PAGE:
A market downturn doesn’t bother us. It is an opportunity to increase our ownership of great companies with great management at good prices. – Warren Buffett
Investors succumbed to fears over the spread of the coronavirus in China last week and the major stock averages all closed lower, with losses ranging from 2.5% for the Dow Jones Industrial Average to 1.8% for the Nasdaq Composite Index. Most of the damage occurred on Friday as investors did not want to be long the market over the weekend. China’s stock market has been closed for Lunar New Year but is scheduled to reopen on Monday, probably with a significant decline. While there have been less than ten confirmed cases of the virus in the U.S., the number in China has risen to over 10,000 with over 200 fatalities. The World Health Organization (WHO) declared a global health emergency and out of an abundance of caution, the U.S. declared the coronavirus to be a public health emergency and implemented tighter travel restrictions to China. The virus has created a lot of uncertainty as no one knows what impact it will have on the global economy. This fear overshadowed an otherwise stellar week for fourth quarter earnings as we approach the halfway mark in the corporate earnings season. Roughly 70% of S&P 500 companies have topped expectations with results last week from Apple and Amazon being particularly impressive. Apple handily beat revenue and earnings estimates as iPhone sales increased 8% while Amazon reported blowout results that beat on both the top and bottom lines, sending its stock up nearly 10%. Other blue chip companies that announced better than expected earnings included McDonald’s, General Electric, Microsoft and Caterpillar. The Federal Open Market Committee (FOMC) also met last week and, as expected, decided to keep the federal funds rate unchanged at between 1.50% and 1.75%. In a statement, the Fed stated that its objective is still 2% inflation and reiterated that the labor market remains strong with the economy growing at a moderate rate. The only change from the prior meeting was a downgrade in their assessment of consumer spending from “strong” to “moderate”. This coming week brings another slew of earnings reports as well as the January employment report, but all eyes will be on China and the status of the spreading coronavirus.
Durable goods orders rose modestly in December after falling in November but non-defense capital goods excluding aircraft, a good proxy for business spending plans, registered its largest decline since April. Gross domestic product (GDP) in the fourth quarter was unchanged at 2.1% and pending home sales fell in December as the supply of homes remains low. Both the consumer confidence index and the University of Michigan consumer sentiment index rose more than expected in January as consumers remain upbeat about the labor market and the economy.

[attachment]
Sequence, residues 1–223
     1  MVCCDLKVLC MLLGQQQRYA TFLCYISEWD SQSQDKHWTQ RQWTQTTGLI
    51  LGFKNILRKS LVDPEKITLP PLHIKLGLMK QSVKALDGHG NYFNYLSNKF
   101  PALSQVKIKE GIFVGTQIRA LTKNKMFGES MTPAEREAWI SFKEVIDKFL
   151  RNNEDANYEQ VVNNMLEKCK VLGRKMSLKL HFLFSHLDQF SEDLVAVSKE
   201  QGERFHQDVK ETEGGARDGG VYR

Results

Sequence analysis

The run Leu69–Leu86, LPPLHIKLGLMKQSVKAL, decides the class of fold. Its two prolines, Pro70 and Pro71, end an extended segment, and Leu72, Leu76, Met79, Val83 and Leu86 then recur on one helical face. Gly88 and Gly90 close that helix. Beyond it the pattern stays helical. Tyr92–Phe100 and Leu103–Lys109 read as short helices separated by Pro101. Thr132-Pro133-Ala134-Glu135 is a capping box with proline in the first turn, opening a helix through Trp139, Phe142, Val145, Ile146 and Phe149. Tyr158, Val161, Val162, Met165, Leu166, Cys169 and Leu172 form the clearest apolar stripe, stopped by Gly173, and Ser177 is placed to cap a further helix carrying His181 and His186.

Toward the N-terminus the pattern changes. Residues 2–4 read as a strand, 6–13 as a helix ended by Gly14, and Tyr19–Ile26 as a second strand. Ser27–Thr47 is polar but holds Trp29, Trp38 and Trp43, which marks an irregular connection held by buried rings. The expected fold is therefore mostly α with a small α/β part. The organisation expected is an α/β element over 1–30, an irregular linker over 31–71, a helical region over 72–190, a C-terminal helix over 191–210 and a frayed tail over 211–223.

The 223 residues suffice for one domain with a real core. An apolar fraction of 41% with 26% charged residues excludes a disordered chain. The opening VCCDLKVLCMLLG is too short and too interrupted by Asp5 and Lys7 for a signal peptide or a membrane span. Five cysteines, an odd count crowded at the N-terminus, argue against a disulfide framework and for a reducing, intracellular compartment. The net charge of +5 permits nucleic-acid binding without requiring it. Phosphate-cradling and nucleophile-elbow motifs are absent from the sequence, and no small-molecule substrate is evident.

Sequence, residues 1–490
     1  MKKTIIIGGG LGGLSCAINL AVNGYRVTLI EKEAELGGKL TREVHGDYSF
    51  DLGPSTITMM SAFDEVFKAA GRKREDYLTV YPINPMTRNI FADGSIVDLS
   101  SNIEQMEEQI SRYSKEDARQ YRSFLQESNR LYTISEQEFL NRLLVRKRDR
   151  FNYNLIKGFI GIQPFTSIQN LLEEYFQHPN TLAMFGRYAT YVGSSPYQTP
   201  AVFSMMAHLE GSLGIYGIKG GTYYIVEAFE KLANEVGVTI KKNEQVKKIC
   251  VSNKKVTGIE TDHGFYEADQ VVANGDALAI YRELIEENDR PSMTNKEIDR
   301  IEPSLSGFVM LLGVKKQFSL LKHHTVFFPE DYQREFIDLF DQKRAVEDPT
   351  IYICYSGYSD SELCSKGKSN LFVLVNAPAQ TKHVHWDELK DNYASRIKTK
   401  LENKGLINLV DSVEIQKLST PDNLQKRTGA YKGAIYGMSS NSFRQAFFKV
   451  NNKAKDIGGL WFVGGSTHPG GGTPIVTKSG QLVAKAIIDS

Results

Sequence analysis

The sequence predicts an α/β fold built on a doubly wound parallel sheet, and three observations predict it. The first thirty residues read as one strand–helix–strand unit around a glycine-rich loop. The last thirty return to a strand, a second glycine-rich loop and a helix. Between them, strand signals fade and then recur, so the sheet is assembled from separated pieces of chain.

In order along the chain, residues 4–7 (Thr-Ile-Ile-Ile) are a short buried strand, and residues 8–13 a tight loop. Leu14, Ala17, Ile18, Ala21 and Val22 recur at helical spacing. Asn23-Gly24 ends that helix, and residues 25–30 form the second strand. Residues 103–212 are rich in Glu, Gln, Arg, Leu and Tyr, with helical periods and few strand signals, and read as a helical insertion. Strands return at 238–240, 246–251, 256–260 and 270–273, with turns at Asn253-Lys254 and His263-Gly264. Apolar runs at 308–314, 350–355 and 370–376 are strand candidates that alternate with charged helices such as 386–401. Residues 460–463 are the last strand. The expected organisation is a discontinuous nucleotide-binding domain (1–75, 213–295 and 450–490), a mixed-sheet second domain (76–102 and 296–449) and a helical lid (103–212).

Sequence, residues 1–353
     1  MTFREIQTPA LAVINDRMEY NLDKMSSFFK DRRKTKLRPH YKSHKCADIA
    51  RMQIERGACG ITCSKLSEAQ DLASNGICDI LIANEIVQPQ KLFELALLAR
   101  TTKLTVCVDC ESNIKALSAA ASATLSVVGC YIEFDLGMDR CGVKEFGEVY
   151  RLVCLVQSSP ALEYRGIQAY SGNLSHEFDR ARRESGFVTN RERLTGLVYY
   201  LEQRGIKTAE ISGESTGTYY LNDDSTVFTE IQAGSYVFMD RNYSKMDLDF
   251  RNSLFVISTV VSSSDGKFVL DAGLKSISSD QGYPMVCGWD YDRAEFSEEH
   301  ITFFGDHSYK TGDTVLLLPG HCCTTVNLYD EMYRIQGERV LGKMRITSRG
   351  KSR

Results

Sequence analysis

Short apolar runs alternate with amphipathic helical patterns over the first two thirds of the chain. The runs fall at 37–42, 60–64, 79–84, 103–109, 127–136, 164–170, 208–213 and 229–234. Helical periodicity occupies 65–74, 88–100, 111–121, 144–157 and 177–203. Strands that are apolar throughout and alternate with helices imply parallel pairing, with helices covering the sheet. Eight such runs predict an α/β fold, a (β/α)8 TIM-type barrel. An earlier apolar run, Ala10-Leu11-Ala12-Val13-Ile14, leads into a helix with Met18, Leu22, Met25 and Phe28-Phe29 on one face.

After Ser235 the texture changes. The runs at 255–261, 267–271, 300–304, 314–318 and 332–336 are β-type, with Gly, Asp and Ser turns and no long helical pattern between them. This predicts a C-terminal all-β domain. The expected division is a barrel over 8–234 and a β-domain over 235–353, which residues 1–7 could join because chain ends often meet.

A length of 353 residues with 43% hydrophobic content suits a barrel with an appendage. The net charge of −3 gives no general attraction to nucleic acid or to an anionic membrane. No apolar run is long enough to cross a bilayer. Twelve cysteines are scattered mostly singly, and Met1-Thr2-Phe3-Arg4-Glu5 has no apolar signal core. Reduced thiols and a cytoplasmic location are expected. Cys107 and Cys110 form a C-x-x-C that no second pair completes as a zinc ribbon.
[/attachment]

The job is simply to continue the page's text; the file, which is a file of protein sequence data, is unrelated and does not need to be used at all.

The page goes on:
The United Kingdom officially left the European Union (EU) on Friday and will begin new trade talks with the U.S. and the EU.
For the week, the Dow Jones Industrial Average dropped 2.5% to close at 28,256 while the S&P 500 Index declined 2.1% to close at 3,225. The Nasdaq Composite Index fell 1.8% to close at 9,150.
The January employment report is expected to show that about 158,000 new jobs were created and that the unemployment rate was unchanged at 3.5%. December factory orders and construction spending are expected to post modest increases. The ISM manufacturing index is forecast to be higher in January but still under 50, which signals contraction, while the ISM non-manufacturing or services sector index is forecast to be about the same as in December but comfortably in expansion territory.
The most prominent companies scheduled to report fourth quarter earnings this week include Sysco, Clorox, Kellogg, Walt Disney, Alphabet (Google), Qualcomm, Ford Motor, General Motors, Merck, Bristol Myers Squibb, Abbvie, Cigna, MetLife and ConocoPhilips.
The market sell-off on Friday assured that the S&P 500 would end the month of January with a slight loss of 0.2% and negate the positive predictability of the so-called January barometer, which says that so goes January, so goes the year. The Dow Jones Industrial Average also ended the month lower while the Nasdaq Composite Index ended higher by nearly 2%. Since 1950, when the S&P 500 is positive in January, 86% of the time this benchmark winds up positive for the full year. The fear and uncertainty of the impact of the coronavirus on the global economy caused investors to flee stocks in favor of the safety of bonds, sending bond yields plunging. (Bonds prices and yields move in opposite directions). The yield on the 10-year Treasury plunged to 1.51% while the 2-year Treasury yield dropped to 1.33%, a difference of only 18 basis points. (A basis point is one hundredth of one percent). Even more worrisome was the fact that the 3-month Treasury yield (1.55%) exceeded the 10-year Treasury yield, an inversion of the yield curve that can portend a recession. The presence of the coronavirus has caused investors to reassess their economic growth outlook and the Federal Reserve’s desire for at least a 2% inflation rate. Falling bond yields may lead to an additional interest rate cut by the Fed in order to help spur growth and increase inflation. A dovish Fed is in direct contrast to the neutral stance the Federal Reserve adopted to start the year, suggesting that there would be no change in interest rates. It was thought at that time that the trade deal signed between the U.S. and China would boost growth and lead to rising bond yields. Unfortunately, the coronavirus has changed all of that as first quarter GDP is likely to be less than originally expected.